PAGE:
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Ginobili on Duncan: "I don't think he will need convincing"

Manu describes how he felt after winning the NBA Championship and how much he loved this team. He also seems confident that Tim Duncan will return next season.

Andy Lyons

What follows is a translation of Manu Ginobili's June 17th column for Argentine newspaper La Nación :


I just went through such a unique moment, for various reasons. We hadn't experienced it in so long and we were so spoiled early, winning three rings in our first five years together. We obviously enjoyed those and felt a lot of passion and pride. But this one, after so many frustrations in between and especially last season's extremely painful ending, is special. Because last year wasn't just hard for me for playing so poorly in game six but also for Tim, Tony and Pop.

I went to dinner with them afterwards and I could see it in their faces; the feelings, the emotions, the frustration, that inability to get those two plays of our heads were with us for the entire off season. We ended up having the ideal revenge. You couldn't have planned it better: the following year, against the same rival, playing like we did and winning as convincingly as we did. Right out of a screenplay.

It's such a huge feeling of satisfaction. The next morning I started reading what people wrote and watching videos and it made me feel a little sentimental. I texted with teammates about how great the season had been. That's the kind of thing you do when you are feeling sensitive. Tears start falling in those moments of emotional vulnerability.

I could see what this accomplishment elicited in the faces of my people. It will take a few days before I can really process what this new ring means to me. The people closest to me that couldn't make it to San Antonio told me they watched it on TV, with their children. That really moves me, I feel flattered. I don't know much more because I went straight home and stayed up until four in the morning with my family. I slept an hour, an hour and a half, tops. I was just watching everything that had happened and spending time with my kids, which makes this experience incomparable.

I do understand what this means to the Spurs' history. The interviews help you put things in context, the whole Big Three and Pop thing. We played at an unbelievable level. I'm not a finals scholar or anything because once we are out of the race, I delete the whole season and don't follow what happens. But a team that has this clarity, this forcefulness, this margin of victory against such a great team has to be rare. Because we didn't beat just anyone! With all due respect, the Cleveland team we beat in 2007 doesn't come close to this Miami team. We had a lot of confidence back then. But we came into these finals knowing we were facing the two-time champions, playing their fourth finals in a row. The ball movement, the intensity -- watching it happen from outside was impressive. I really enjoyed seeing the team play like that. I feel honored and proud to have been able to be a part of it.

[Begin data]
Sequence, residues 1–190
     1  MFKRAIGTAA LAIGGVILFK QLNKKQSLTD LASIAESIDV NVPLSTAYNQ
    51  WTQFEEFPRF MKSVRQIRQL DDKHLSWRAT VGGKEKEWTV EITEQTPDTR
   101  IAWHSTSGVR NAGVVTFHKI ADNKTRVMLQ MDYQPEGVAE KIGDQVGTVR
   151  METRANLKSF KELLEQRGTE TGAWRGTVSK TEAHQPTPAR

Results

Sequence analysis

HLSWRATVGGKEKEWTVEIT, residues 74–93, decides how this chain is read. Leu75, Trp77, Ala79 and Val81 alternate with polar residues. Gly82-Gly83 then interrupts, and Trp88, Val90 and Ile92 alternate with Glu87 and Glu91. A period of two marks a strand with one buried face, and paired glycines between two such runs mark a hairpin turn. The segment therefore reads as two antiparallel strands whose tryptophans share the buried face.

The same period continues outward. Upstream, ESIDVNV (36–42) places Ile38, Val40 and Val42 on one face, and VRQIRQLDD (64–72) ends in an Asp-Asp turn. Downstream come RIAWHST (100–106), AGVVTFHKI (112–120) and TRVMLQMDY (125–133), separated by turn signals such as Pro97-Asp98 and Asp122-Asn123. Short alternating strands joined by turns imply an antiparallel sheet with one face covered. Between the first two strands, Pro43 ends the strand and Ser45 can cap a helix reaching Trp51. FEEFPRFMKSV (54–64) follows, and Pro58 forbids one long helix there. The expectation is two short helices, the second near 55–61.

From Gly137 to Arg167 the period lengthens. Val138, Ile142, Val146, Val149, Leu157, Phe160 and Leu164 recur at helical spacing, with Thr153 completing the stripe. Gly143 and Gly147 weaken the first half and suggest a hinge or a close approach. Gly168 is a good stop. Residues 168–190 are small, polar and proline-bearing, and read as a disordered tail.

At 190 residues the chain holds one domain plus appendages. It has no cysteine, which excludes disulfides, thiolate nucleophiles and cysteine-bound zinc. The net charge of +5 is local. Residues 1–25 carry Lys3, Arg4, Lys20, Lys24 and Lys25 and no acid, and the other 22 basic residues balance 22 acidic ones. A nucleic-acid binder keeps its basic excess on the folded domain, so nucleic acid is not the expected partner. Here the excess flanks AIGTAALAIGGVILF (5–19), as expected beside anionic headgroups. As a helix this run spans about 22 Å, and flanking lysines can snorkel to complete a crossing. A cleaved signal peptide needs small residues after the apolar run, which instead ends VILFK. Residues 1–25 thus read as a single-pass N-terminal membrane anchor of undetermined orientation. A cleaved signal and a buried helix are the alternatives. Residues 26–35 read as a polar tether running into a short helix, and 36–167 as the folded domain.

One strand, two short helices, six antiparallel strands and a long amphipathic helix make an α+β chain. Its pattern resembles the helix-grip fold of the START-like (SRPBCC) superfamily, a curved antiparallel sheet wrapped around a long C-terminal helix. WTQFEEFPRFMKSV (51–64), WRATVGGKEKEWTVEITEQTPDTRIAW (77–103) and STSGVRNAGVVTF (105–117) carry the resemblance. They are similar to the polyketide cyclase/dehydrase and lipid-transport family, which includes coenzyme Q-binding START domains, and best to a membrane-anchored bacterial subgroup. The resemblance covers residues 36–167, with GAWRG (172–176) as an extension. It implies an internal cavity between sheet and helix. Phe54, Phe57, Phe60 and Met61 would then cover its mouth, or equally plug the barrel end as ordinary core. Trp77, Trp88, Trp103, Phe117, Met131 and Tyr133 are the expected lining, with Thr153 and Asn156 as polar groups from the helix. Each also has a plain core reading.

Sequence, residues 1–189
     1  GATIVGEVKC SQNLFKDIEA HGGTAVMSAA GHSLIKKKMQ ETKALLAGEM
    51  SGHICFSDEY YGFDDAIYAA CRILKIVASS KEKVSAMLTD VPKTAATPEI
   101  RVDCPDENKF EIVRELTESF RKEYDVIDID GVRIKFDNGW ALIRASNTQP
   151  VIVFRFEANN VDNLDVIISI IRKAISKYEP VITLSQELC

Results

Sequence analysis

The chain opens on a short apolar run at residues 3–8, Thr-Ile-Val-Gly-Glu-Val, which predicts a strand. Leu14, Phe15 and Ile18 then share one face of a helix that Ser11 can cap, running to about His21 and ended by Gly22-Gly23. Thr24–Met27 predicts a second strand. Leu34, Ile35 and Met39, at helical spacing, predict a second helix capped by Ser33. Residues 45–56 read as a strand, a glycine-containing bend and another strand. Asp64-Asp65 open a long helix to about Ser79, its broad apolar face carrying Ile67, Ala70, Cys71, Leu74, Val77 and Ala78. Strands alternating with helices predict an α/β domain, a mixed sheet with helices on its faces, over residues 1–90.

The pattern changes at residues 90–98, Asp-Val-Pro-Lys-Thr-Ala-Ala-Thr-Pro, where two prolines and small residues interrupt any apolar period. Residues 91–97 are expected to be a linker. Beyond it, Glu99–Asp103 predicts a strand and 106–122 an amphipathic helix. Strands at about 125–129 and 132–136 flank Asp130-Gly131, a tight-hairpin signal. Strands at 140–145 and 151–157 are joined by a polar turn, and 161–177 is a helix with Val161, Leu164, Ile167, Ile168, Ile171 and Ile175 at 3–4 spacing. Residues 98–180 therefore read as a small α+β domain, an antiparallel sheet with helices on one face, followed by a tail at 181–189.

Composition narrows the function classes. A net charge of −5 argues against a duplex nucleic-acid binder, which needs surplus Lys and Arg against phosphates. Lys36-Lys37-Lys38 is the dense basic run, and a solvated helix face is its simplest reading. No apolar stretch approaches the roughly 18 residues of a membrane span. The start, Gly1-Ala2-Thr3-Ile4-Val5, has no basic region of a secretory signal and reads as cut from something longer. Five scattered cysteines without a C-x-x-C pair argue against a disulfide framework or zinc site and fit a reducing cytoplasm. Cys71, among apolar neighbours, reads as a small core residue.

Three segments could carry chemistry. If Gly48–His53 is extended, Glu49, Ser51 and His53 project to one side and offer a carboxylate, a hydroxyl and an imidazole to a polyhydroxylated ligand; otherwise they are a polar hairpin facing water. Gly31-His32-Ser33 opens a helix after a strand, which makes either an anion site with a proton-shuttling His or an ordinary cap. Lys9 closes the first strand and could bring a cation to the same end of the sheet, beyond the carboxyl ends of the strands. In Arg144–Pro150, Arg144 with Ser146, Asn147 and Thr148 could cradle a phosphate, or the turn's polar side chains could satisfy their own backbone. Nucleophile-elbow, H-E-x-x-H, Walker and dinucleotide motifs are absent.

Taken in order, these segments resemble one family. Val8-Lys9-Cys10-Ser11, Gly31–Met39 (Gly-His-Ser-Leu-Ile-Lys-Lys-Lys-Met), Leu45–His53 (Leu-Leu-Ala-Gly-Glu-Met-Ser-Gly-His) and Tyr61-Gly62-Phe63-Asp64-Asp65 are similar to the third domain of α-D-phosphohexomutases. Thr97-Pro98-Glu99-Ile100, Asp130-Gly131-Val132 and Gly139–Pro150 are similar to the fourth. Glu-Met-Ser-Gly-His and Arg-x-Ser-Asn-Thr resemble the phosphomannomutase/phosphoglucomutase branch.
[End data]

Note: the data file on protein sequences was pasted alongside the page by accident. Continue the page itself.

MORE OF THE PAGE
I got some emails letting me know that it was a pleasure to watch us, that no one had played like we had in a while. We didn't do it to show off. I'm convinced we played well in 2005 and 2007; it was just a different style. Watching the mistakes we made last season, the ones that cost us the championship allowed us to figure out the best way to beat Miami. It made us reach the next level in the execution of the extra pass, a concept that is so important to us. That easy pass to the open man was what we tried to do to become a team in which everyone contributed. Because Patty Mills was a towel waiver last season. Kawhi Leonard was 21 and we had only started to see how good he could be this season. Danny Green, Tiago Splitter--Boris Diaw was a gladiator! Maybe someone who doesn't know much about basketball sees Boris score six, eight, five points and doesn't realize all the amazing things he does for us on the court.

Everyone talks about this big three because we are old and we've been here since the beginning. But because so many others contributed, we ended up playing like a super team. Had Kawhi not scored 20 in any one of the last three games, they wouldn't have known who to name the MVP. Who would have gotten it? They would have had to give it to Pop. It feels so great to play for this team.

Right now I need to savor the moment, relax and enjoy my family, and do all of the things I couldn't do in the past eight months because of the mental exhaustion involved in the process. But there's no doubt in my mind that once we get together next season, start training and playing, we'll be ready to go for it again. That's how this works. We all play basketball not only because it's our job but also because we love it, we are good at it, and we enjoy doing it. And you obviously feel better when you play well.

I haven't spoken to Tim about his future yet but I don't think he will need convincing. Unless something radical happens with the team, I feel confident he will continue to play. I'll probably talk to him at some point to see what he's going to do. But I'm hoping we can keep playing together.

I got a lot of questions about my Argentine flag. My wife saved it, champagne stains and all. It was there for the previous three celebrations and it's kind of a tradition to wear it. It looks like it has some battle scars, it might even look dirty. But those are the marks of a flag that has been with me through every achievement. And we celebrated something great together last night.